Tuesday, September 23, 2008

I'm not a jackass. The author wrote me that way.


I know we've all read characters that we would love to bitch slap. Myself included. They're infuriating. Arrogant. Conceited. Sorry pieces of work.
But can they change?
That's a bit of a loaded question now, isn't it?

I don't redeem a Too Stupid To Live character. *grins* Because I don't put any in my books. If you want fluff, go pick up a kitty from the pound. And if you want a vapid idiot with a blank look 0n her face, watch a Macy's ad with Jessica Simpson. (That was for you, Tori. *grins*)
Eye candy is great. Eye candy with an IQ less than his shoe size with a personality that's completely below his belt is just fucked up.
Moving on.

However, if you have a "wounded" hero, or an emotionally stunted hero (and I'm so not going there right now)...then you have possibilities. If you can engage a reader deep enough into this character's psyche and thought process, you've won. If you can wring a laugh or tear from a reader with this character, you've won. But if you only scratch the surface of this villainistic (is that a word?) character, then you've done the character and the reader a disservice.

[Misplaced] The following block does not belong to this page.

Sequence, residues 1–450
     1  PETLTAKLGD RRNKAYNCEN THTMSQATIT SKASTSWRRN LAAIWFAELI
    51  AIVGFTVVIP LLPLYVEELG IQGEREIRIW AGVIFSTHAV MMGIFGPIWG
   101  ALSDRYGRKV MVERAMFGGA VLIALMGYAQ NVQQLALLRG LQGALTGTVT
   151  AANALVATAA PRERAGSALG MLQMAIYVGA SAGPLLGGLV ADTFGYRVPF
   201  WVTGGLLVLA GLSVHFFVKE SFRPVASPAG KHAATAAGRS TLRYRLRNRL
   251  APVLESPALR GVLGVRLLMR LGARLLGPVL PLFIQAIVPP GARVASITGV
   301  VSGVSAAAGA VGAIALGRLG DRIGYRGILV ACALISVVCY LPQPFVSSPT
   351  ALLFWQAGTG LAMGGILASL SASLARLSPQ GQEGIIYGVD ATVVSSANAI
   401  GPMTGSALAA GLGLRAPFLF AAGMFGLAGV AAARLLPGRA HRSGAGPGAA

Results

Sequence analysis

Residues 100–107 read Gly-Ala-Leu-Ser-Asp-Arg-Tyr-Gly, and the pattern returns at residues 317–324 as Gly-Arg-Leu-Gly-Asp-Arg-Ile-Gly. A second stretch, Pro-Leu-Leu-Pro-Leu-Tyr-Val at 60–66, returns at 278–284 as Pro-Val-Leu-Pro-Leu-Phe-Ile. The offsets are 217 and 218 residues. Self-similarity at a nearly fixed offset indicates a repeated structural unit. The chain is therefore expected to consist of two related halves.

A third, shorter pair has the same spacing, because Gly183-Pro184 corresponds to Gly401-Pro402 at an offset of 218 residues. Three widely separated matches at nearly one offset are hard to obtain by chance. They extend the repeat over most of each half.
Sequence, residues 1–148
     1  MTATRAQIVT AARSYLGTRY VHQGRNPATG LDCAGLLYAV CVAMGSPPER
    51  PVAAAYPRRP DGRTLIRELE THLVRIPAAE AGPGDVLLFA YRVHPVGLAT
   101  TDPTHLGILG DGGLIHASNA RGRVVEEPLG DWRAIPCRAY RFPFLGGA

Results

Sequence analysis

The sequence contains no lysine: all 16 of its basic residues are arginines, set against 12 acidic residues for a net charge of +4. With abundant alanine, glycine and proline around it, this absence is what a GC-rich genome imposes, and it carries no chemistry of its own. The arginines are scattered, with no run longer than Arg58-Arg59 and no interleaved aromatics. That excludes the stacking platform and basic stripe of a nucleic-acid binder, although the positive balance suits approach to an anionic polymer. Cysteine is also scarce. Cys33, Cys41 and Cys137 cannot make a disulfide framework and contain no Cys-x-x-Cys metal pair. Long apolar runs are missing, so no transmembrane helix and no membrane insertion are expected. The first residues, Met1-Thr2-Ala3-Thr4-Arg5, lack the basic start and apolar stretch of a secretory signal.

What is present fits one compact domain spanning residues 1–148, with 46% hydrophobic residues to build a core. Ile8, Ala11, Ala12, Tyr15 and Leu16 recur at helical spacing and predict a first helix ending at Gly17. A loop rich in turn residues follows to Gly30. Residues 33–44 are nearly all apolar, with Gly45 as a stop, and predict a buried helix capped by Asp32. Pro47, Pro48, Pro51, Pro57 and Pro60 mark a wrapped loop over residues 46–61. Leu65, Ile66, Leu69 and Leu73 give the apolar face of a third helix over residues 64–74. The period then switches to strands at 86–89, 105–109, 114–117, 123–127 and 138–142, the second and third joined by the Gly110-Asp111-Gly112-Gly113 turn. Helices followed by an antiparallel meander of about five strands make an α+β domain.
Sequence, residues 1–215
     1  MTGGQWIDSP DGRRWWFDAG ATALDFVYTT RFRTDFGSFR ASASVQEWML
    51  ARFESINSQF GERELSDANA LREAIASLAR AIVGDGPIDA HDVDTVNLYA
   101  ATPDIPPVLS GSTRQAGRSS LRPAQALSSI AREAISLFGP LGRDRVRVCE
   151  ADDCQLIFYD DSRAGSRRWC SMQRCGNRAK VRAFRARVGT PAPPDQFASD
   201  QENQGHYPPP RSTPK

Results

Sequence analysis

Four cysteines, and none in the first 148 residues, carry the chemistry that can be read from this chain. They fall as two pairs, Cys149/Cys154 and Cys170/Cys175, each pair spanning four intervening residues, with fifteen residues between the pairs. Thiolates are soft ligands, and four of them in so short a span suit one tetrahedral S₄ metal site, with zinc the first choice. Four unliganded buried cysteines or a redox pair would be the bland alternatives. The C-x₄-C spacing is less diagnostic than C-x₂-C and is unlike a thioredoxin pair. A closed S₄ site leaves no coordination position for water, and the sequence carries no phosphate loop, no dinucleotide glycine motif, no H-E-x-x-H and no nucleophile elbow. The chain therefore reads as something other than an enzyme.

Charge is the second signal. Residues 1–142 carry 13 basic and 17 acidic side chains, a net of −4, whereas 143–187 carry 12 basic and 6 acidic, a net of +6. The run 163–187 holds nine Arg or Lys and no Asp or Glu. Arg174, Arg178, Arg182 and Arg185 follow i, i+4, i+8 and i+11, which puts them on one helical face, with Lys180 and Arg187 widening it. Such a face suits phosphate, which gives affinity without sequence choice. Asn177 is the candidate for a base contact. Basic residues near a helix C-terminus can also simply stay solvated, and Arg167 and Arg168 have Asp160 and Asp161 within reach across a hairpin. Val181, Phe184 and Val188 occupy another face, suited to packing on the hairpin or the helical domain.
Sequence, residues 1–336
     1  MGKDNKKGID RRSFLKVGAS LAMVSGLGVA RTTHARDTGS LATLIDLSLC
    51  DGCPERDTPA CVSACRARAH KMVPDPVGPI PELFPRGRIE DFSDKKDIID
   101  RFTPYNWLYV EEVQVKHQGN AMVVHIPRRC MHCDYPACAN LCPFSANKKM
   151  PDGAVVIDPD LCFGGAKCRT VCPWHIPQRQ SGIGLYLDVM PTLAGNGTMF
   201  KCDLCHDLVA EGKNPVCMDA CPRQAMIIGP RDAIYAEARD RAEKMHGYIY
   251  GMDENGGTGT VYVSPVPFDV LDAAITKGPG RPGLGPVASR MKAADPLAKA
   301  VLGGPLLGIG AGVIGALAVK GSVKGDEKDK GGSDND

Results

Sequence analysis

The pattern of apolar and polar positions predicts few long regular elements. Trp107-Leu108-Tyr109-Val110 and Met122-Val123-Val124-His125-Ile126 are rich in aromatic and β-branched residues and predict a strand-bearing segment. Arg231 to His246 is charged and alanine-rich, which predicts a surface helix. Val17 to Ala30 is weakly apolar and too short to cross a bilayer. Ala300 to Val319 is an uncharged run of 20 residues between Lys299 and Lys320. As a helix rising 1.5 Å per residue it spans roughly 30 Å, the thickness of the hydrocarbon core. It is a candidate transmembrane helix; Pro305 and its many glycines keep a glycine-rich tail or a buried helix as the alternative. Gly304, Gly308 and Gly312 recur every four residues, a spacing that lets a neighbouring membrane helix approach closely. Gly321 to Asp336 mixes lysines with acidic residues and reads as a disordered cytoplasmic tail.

Readers are voyeuristic.
I don't need to know that Mr. Emotionally Stunted man wears blue boxer briefs. But I do want to know what has made him into the person he is today. What happened to him? Sit him down on the mental couch in your therapist office cranium and let him speak. Will he open up to you?
This is big.
If you can open up this character and listen while he tells you of past tragedies and scars that he has, you've found a winner. If the arrogant prick simply looks at you and suggests making better use of your office table, move on.
It takes all kinds. Remember that.

If you place the sorriest piece of shit character in your book, you've lost. Keep in mind I'm talking about Romance here. I believe that these asshat characters are alive and well and living the high life in other genres.
The main story of any romance is love. Simply love. If I want to take an ice pick to a character's fictional heart, there's a problem. If every time I see the character, my blood pressure rises and not in a good way, there's a problem.

Look at the character. If he/she adds something to the story, keep him/her. If, however, you're wondering what in the hell possessed you...get rid of the character! My GOD! You're the AUTHOR. Don't ever forget it.
Next up:
I know you're the author. Now write me my own damn story.
Secondary characters with ego issues.

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